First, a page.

Type of Document Dissertation Author Leidig, Jonathan Paul URN etd-08222012-145818 Title Epidemiology Experimentation and Simulation Management through Scientific Digital Libraries Degree PhD Department Computer Science Advisory Committee
Advisor Name Title Fox, Edward Alan Committee Co-Chair Marathe, Madhav V. Committee Co-Chair Beckman, Peter Committee Member Bisset, Keith Committee Member Butt, Ali R. A. Committee Member Mortveit, Henning S. Committee Member Keywords
- Computational Epidemiology
- Digital Libraries
- Simulation and Experimentation Management
- 5S Formalisms
Date of Defense 2012-07-20 Availability unrestricted AbstractAdvances in scientific data management, discovery, dissemination, and sharing are changing the manner in which scientific studies are being conducted and repurposed. Data-intensive scientific practices increasingly require data management related services not available in existing digital libraries. Complicating the issue are the diversity of functional requirements and content in scientific domains as well as scientists' lack of expertise in information and library sciences.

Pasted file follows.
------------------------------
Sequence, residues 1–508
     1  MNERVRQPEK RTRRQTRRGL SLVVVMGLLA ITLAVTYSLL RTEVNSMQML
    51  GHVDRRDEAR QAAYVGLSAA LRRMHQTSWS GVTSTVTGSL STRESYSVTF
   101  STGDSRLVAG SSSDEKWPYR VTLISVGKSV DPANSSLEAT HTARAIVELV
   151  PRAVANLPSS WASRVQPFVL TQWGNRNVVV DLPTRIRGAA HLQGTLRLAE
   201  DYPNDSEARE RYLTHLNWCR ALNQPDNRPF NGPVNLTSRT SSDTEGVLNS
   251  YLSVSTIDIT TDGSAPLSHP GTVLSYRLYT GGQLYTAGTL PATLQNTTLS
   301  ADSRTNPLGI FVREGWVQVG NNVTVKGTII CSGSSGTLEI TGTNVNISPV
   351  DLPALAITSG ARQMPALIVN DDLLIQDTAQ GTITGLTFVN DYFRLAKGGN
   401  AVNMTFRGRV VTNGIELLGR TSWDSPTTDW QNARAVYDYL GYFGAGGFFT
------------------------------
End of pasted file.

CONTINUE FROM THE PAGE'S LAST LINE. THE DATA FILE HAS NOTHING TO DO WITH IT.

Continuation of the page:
Researchers that utilize simulation and experimentation systems need digital libraries to maintain datasets, input configurations, results, analyses, and related documents. A digital library may be integrated with simulation infrastructures to provide automated support for research components, e.g., simulation interfaces to models, data warehouses, simulation applications, computational resources, and storage systems. Managing and provisioning simulation content allows streamlined experimentation, collaboration, discovery, and content reuse within a simulation community. Formal definitions of this class of digital libraries provide a foundation for producing a software toolkit and the semi-automated generation of digital library instances.
We present a generic, component-based SIMulation-supporting Digital Library (SimDL) framework. The framework is formally described and provides a deployable set of domain-free services, schema-based domain knowledge representations, and extensible lower and higher level service abstractions. Services in SimDL are specialized for semi-structured simulation content and large-scale data producing infrastructures, as exemplified in data storage, indexing, and retrieval service implementations. Contributions to the scientific community include previously unavailable simulation-specific services, e.g., incentivizing public contributions, semi-automated content curating, and memoizing simulation-generated data products. The practicality of SimDL is demonstrated through several case studies in computational epidemiology and network science as well as performance evaluations.
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